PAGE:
Old School Gamer Magazine chats with game developer Izma, who discusses his new Game Boy survival horror game from Spacebot Interactive, Deadeus.

Old School Gamer Magazine: How was this game born?

Izma: The game came directly out of a game jam a few colleagues and I set up back at my previous studio. 

I had been trying to make a Gameboy game in Game Maker Studio at the time and whilst it was going alright there were no strict limitations on what you could make meaning that I honestly don’t think that attempt could have run on an original Game Boy.  

When GB Studio came out we jumped on it immediately with our jam and we knew that anything we made would HAVE to run on a Game Boy so that was pretty cool. Although I missed the jam deadline with Deadeus I had gotten so far and received such a positive response that I took an additional month to finish it up!

Old School Gamer Magazine: What is your role in the game?

Izma: Basically everything! I wrote, designed, programmed and did the art.   All except the sound which was handled by an old bandmate and very close friend of mine, Stuart Busby. 

Old School Gamer Magazine: What has development been like?

Izma: It was half fun and half hell haha!

The game came together very quickly once the ball started rolling. Around that time I was house-sitting for one of my bosses and there wasn’t a lot to do other than sit and plan the game out and I found that very enjoyable. 

Art is my day job so doing all of the creative work on Deadeus was an absolute pleasure too to the point where I miss certain aspects of it now! But in terms of creative design it all snapped together very quickly and easily.


The difficult part was the player choice. I created flow charts to work out if the player had done certain tasks or spoke to certain characters because it very quickly became a nightmare to keep track of it all. With 35+ characters, most of which change over the 3 days and can be dependent on player interaction it was very tough to keep on top of it.

Old School Gamer Magazine: What makes this game special?

Izma: I would like to think its disturbing nature and nonlinearity probably make it stand out a little. When doing research on the games that officially came out on the platform there were basically no horror games, horror ‘themed’ games for sure but I couldn’t find any that were meant to unsettle a player and I wanted to try and create that.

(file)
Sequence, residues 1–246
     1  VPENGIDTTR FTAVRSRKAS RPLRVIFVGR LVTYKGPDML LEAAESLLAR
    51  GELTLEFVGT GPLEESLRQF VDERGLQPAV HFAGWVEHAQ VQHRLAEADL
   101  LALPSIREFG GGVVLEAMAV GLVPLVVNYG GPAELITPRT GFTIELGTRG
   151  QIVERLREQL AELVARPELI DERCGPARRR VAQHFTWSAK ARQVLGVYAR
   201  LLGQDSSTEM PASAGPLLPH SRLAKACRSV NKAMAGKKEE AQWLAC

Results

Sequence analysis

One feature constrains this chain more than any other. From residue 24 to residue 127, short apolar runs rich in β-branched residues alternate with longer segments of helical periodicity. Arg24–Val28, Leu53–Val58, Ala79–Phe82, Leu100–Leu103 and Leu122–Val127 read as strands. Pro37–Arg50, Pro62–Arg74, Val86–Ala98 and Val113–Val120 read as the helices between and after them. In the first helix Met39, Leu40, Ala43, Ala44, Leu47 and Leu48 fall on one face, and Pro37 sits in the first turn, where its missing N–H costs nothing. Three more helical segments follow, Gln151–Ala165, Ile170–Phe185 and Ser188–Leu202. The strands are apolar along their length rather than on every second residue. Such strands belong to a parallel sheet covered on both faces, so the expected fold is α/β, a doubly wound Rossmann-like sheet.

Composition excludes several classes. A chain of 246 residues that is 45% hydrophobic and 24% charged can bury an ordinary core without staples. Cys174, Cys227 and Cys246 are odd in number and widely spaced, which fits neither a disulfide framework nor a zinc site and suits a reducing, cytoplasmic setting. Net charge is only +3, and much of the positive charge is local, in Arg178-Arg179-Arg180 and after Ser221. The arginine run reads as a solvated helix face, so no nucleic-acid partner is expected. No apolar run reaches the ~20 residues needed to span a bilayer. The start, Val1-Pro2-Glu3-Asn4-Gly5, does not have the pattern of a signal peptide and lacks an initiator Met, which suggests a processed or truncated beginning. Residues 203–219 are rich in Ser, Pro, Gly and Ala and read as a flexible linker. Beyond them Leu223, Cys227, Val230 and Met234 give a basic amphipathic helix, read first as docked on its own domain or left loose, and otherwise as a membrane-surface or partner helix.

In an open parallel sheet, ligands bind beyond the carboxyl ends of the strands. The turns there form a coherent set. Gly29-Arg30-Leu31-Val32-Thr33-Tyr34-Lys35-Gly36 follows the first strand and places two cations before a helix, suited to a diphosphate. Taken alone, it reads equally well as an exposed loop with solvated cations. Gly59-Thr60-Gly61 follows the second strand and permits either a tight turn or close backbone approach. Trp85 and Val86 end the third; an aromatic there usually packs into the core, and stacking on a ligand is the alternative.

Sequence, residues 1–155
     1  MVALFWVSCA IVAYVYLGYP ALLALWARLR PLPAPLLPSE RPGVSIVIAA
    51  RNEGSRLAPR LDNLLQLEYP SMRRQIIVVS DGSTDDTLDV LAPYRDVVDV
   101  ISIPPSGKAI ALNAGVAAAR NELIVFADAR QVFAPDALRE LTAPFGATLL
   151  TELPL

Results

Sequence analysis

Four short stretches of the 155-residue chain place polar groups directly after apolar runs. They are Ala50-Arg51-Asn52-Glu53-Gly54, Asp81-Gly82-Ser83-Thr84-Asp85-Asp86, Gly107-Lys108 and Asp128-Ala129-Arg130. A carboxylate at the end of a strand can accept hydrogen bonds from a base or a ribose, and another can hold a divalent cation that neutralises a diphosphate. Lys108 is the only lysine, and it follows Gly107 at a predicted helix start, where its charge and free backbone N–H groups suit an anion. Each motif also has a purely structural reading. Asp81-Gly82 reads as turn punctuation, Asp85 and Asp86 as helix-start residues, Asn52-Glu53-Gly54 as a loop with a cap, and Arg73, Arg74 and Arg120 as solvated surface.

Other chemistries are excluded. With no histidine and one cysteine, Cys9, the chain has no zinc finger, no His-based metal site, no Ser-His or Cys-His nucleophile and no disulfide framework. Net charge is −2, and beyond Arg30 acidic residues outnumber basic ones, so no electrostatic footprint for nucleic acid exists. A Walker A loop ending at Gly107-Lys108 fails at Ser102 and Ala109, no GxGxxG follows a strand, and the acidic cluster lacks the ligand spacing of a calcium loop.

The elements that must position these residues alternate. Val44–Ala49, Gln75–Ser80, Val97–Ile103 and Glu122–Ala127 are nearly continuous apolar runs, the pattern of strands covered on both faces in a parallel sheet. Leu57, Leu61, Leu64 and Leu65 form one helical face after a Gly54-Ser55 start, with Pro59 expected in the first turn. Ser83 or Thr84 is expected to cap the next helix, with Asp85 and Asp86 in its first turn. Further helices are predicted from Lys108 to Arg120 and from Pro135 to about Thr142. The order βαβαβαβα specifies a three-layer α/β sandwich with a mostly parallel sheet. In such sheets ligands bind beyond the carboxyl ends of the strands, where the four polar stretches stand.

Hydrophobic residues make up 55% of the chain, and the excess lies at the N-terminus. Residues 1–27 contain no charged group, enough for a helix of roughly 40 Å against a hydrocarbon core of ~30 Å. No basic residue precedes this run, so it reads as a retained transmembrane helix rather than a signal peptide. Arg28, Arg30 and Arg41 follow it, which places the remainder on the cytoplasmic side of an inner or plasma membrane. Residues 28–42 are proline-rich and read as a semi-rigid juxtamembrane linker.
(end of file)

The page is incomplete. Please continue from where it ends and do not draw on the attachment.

With the nonlinearity, I wanted to make it so that the player felt like they could go any which way and something different would happen. I’m not sure how well that worked out but after watching videos/ streams of it and seeing people immediately jump back in to see another ending I can’t help but feel I got some way there.

Old School Gamer Magazine: What games influenced this one the most?

Izma: I get this question a lot and there are some that are obvious and some that aren’t. The really on the nose ones are the original Pokemon games and Legend of Zelda: Link’s Awakening but I almost feel like that’s the nature of the beast with top-down Game Boy games. Narratively another obvious one is Legend of Zelda: Majora’s Mask, Although I didn’t intend for it to be as close as it was it was definitely hard to stray from its path with the subject material. 

As for the less obvious influences there is Tower of Heaven, Katana: Zero and Lisa the Painful, to name a few. Each of these games contrast their main gameplay with quieter contemplative moments and I tried to achieve that feel in Deadeus.


Old School Gamer Magazine: Any
fun stories or wild moments during development?

Izma: It’s not the most wild thing I suppose but after I put the game out publicly I caught a few people in my studio playing it on their own without me prompting them to and that felt very validating.

Old School Gamer Magazine: What were the major lessons learned?

Izma: Don’t make a game with such a wide array of variables haha!

But for real, plan everything out as best you can and test the thing to its absolute nth degree and get others to check it and be brutally honest. 

Old School Gamer Magazine: What’s your favorite memory as a gamer in terms of survival horror games?